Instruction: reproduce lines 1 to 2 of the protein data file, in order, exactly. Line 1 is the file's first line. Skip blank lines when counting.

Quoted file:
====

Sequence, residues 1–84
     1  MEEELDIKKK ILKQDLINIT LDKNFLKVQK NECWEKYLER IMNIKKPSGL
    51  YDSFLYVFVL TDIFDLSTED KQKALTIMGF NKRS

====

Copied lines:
Sequence, residues 1–84
     1  MEEELDIKKK ILKQDLINIT LDKNFLKVQK NECWEKYLER IMNIKKPSGL